The Shih Tzu, a small dog with a calm and affectionate character

History of The Shih Tzu

The Shih Tzu comes from Tibet, and its origin probably dates back to the 7th century when it may have been simply a small Lhasa apso. Traditionally given as a gift to Chinese emperors, the Shih Tzu was developed over the ages before becoming the breed as we know it today. Breeders believe that the Shih Tzu would have been crossed with the Pekingese to reduce its face length and that the smaller ones among the Lhasa apso were deliberately selected to create the breed.

Shih Tzu means “lion dog” in Chinese, which adds to the confusion as to the origins of the breed since this term is usually used to refer to the Pekingese.

The Shih Tzu was a favorite companion of Chinese rulers, who devoted themselves to its breeding. Following the arrival of the British in China, the breed was introduced to England and subsequently to the United States. The Shih Tzu population in China came close to extinction after the Chinese Communist Party came to power.

Everyone agrees that this charming little dog was developed to serve as a pet. From the start, it was obvious that the Shih Tzu would make a wonderful companion.


Characteristics of the Shih Tzu

The Shih Tzu is small in size and this is what appeals to him since he will not take up much space in the house. It has a balanced physiognomy and a vigorous and compact body ending in a tail rolled up on the back and fringed. Females are between 20 and 25 cm in size while males are between 22 and 26 cm. Its head is large and round and topped with drooping ears with particularly well-supplied hairs whose density is so high that they mix with body hair. The eyes are round, dark in color, and reveal a lot of mischief. The Shih Tzu sports a dense, long, and smooth coat. The coat can be fawn, white or black punctuated with spots.


Daily life:

The Shih Tzu is prone to gain weight easily and they can quickly become obese if we multiply the treats. He doesn’t need – nor taste – to walk a mile a day, but he likes to walk, and his owner needs to make sure he keeps in shape. In obedience and agility tests, the Shih Tzu has some success. If he is exercising in hot and humid weather, he should be supervised; Due to its short muzzle, the Shih Tzu is susceptible to heatstroke.

The coat of the Shih Tzu can be a real headache for its owner. Most people shed twice a year, giving the dog a good appearance and an easy-care coat. If the coat is kept long, it takes a lot of time to care for the coat. We must bathe it every week, oil it to prevent it from felting, and finally, brush it every day to remove debris or foreign bodies. If the hair is particularly soft, it will have a much more tendency to felt than if it is of the correct texture.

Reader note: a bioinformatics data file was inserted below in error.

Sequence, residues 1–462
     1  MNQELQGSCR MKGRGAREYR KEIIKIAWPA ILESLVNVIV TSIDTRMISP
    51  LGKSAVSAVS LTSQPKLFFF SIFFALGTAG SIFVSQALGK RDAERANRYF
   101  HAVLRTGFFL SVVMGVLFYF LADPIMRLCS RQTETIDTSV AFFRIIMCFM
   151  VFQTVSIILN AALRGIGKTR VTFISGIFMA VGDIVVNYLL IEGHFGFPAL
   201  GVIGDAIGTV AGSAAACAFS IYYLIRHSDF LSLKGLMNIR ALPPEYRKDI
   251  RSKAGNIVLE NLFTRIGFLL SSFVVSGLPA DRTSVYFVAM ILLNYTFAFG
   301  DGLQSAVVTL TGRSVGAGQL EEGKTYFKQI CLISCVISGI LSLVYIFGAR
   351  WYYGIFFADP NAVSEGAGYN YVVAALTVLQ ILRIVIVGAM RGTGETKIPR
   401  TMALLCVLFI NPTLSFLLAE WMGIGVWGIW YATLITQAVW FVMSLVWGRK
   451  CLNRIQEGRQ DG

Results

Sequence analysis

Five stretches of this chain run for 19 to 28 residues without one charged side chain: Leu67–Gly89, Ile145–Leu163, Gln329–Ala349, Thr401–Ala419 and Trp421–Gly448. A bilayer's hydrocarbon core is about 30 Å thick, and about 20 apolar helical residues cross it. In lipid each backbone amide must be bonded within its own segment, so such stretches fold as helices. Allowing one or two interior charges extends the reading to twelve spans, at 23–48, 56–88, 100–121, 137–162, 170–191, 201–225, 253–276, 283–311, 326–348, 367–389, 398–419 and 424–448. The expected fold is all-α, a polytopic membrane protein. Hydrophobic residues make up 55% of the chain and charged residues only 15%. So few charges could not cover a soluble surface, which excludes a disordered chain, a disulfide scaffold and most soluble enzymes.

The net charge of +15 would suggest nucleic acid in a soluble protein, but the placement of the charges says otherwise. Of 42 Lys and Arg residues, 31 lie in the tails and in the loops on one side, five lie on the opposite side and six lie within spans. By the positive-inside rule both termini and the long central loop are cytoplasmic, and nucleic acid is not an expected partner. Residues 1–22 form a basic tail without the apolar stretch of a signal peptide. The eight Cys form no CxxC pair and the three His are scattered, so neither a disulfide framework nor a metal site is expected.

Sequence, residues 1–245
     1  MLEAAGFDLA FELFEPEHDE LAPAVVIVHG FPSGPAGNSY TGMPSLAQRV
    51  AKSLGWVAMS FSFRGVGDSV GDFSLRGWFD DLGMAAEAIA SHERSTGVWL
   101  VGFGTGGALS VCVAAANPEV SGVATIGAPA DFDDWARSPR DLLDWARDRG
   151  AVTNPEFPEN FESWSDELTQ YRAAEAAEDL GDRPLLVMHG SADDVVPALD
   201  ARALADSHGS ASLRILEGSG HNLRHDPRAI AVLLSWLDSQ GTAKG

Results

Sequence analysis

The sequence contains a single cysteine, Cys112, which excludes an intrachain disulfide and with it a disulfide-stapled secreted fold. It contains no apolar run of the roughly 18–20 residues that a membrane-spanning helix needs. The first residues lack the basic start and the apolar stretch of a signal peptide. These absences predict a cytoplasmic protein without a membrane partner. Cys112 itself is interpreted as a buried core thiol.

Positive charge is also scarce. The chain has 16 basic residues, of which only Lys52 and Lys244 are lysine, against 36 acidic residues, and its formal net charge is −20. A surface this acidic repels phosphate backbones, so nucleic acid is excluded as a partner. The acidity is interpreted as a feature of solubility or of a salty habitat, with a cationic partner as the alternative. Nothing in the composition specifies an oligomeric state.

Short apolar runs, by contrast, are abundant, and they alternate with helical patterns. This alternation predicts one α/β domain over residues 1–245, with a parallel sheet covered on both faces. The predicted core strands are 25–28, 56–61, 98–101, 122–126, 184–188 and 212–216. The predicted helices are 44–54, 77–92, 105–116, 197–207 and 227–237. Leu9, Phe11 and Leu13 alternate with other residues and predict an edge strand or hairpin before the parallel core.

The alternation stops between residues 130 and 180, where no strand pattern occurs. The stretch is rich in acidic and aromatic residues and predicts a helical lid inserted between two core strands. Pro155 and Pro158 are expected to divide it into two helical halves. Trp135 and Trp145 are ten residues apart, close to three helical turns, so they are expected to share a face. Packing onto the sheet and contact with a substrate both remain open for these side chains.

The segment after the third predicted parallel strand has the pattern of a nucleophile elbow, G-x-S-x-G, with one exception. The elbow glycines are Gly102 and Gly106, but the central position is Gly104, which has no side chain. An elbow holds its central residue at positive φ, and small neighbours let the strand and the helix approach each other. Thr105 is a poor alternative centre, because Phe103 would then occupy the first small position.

Daily, the Shih Tzu tends to require a lot of attention. He loves the company of people and can easily become a “spoiled child”. He is receptive to training and enjoys learning to do tricks, these activities making him the center of attention. The Shih Tzu gets along well with people of all ages but should be socialized with children while he is a young puppy. One should not rely on the Shih Tzu to guard the house; he would undoubtedly be too welcoming to burglars!


Funny facts!

If you are fond of this little long-haired dog, know that you are not the only one. Several personalities like Bill Gates, Tenzi Gyatso, the Dalai Lama, and the famous hairdresser, Vidal Sassoon have all fallen in love with this companion.



He is familiar with life in the country or the city. Being a quiet little dog, he is very popular with people living in housing and the elderly. This breed of dog is a little less suitable for families with young children, as it does not like to be disturbed. However, this situation can happen with any dog. You just have to educate children to respect the dog’s bubble.

Like all dogs, the Shih Tzu needs to go out a few times a day to use up his energy, be mentally stimulated, and do his business. In addition, you will also need:

In short, the Shih Tzu is a great companion dog for those looking for a calm, affectionate dog that requires little exercise. It adapts easily to most climates and barks very little, only to warn of strangers in most cases.

You have to be very careful, because it is very greedy, which makes it prone to overweight. Do not take lightly the maintenance of his hair, his ears, and his eyes, at the risk of developing problems quickly.

What do you think?

Written by Sammy

Can dogs eat baby food? Baby food for dogs

Shiba Inu, Physical characteristics, History, Behviour, Health, Grooming and maintenance